Intelligence and Wisdom

Intelligence is having strong cognitive abilities. Wisdom is good judgement.

Those who are intelligent do well at analyzing complex data. Data by its nature is historical. The intelligent are good at explaining the past. The wise are good at assessing current situations and determining the likelihood of future outcomes.

From early childhood our intelligence is measured by tests and school grades. This is a easy measurement as it’s ex-post. Those perceived as highly intelligent are put on fast tracks and given many opportunities to excel to the top of their classes or organizations. They excel at many technical skills like  math and verbal communication. Their minds can be microscopic and/or telescopic, able to view that about which people of average intelligence seem clueless.  They can make sense of an otherwise ambiguous past which gives them and their audience confidence in their ability to predict how things will transition in the future. However, there is little relationship between those who most convincingly understand the past and those who are best at predicting the future. As everything is forever transitioning and everything is unique, using the past as a basis to predict the future puts limits on one’s imagination. This is significant as we can’t see what we can’t imagine.

The wise are best at assessing current situations and predicting how they will transition over time.  Their wisdom is generally more valuable than the perspectives of those considered intelligent. However, it is difficult to measure and identify those who are wise. To do so would require measuring ex-ante outcomes which would take time for forecasts to be realized (or not) and require many forecasts.  Moreover, excellent forecasters give different scenarios percentage probabilities which is not what an interested audience generally wants as percentages don’t give their audience as much confidence about going forward as do definitive forecasts. Thus, because of the difficulties of measurement and little demand by the general public, identifying those who are wise is not done systematically. However, those in the interested audience who are self-confident want forecasts from those who are wise, not those who are intelligent.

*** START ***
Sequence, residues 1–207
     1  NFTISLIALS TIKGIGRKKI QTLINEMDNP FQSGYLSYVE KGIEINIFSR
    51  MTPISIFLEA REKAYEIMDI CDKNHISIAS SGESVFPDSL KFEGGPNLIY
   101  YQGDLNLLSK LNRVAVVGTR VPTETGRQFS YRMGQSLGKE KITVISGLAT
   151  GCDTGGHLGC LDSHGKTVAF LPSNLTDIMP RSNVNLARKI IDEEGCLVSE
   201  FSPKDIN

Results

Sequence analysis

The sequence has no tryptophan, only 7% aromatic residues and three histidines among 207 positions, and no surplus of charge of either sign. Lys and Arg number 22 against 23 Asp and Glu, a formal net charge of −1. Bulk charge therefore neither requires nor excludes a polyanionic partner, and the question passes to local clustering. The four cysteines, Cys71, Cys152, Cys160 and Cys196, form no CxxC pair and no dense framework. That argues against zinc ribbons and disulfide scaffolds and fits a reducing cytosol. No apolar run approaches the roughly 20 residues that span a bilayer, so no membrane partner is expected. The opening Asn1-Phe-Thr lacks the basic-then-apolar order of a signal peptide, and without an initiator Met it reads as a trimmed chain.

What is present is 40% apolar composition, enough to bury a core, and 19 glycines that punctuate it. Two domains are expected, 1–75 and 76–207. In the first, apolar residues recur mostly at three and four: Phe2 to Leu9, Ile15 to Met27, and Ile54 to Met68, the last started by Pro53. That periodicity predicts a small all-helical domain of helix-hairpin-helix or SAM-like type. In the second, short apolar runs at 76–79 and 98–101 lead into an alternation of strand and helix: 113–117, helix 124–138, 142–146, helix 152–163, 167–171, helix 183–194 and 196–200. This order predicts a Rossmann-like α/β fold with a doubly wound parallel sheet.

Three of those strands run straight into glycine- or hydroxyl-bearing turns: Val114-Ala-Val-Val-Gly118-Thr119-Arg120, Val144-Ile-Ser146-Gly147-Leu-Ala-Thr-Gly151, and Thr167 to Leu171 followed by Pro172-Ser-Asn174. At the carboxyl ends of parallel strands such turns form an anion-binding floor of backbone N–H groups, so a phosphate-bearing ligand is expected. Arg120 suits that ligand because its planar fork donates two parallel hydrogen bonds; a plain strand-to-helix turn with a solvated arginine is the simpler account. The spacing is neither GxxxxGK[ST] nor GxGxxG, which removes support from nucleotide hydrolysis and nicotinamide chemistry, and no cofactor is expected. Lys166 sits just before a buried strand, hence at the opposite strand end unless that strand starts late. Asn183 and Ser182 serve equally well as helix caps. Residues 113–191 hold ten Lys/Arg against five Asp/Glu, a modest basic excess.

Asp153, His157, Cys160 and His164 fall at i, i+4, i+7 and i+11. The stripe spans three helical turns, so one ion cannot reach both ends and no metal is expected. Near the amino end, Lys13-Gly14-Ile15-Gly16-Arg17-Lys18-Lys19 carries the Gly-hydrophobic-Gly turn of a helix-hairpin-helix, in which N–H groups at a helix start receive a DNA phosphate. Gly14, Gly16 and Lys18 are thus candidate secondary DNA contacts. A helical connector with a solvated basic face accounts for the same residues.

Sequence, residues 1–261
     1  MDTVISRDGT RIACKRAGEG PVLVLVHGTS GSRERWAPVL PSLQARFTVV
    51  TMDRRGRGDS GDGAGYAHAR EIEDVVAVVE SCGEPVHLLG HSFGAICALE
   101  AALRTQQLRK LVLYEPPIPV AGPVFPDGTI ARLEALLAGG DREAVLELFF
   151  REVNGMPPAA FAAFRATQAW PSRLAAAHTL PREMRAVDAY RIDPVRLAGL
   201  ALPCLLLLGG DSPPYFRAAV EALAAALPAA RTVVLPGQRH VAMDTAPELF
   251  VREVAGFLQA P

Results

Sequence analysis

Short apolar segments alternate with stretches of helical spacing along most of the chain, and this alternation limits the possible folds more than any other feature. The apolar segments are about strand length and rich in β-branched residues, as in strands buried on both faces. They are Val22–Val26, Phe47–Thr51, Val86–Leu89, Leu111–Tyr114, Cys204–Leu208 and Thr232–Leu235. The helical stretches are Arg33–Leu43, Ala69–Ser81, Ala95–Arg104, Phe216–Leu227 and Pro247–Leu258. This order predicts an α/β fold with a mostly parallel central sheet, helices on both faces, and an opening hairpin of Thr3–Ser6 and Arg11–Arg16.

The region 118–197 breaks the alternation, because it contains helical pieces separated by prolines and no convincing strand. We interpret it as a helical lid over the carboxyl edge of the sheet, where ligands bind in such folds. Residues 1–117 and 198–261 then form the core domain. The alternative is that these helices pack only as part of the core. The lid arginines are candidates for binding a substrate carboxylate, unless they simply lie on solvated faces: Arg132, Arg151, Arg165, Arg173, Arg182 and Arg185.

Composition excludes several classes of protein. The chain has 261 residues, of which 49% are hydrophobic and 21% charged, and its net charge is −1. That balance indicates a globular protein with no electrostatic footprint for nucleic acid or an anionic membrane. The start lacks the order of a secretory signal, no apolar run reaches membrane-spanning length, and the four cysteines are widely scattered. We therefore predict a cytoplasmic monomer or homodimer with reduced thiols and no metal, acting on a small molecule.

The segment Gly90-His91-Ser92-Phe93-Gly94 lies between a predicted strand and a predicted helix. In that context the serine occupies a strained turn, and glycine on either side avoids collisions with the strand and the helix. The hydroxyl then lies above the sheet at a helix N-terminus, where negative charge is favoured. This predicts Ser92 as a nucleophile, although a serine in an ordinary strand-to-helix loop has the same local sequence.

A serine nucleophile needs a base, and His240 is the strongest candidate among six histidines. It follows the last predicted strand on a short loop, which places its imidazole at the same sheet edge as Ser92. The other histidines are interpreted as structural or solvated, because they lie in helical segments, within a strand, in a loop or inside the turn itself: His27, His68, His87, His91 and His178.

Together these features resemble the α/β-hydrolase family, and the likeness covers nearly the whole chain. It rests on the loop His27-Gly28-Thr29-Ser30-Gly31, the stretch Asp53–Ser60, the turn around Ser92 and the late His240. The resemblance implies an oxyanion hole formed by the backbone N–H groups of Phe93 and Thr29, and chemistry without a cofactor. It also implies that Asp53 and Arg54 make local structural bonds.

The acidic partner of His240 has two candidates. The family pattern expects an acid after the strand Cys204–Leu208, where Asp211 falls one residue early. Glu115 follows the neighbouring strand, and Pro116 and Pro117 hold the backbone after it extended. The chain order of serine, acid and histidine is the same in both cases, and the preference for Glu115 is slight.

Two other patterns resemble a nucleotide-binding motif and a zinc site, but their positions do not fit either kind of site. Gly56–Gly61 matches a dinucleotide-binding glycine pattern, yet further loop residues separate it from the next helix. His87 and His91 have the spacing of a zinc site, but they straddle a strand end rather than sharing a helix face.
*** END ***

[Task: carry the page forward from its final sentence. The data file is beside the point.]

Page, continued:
The difference between the intelligent and the wise is clear as academics are intelligent and successful business people tend to be wise (and/or lucky). Academics are great at explaining the past and confidently predicting the future. But if the value of an individual’s contribution to society is simply measured by the amount of money they earn, academics aren’t highly valued as predictors. Successful business people are paid considerably more for their predictive abilities as they are able to profit from correctly predicting future markets and cost-effectively providing what those market want. They are wise.

A good metaphor is the hedgehog and the fox. Hedgehogs are best at digging through a hedge. But that’s all they can do well, like an idiot savant who is narrowly intelligent. The fox doesn’t do anything particularly well but can consider many approaches to obtaining what he wants. Ultimately, always bet on the fox rather than the hedgehog to survive.

Modern society (more so than primitive tribal societies where wise elders are often consulted) are lead by those considered intelligent. This often results in relatively poor choices.

As our social system doesn’t measure and identify those who are wise, how do we personally identify them? The fox would say to not listen to those most intelligent and best at explaining the past as they are unlikely to be good predictors of the future; best to take advice from those who know the past as a multifaceted amalgam of not necessarily related events and can speak of the future in probabilistic terms.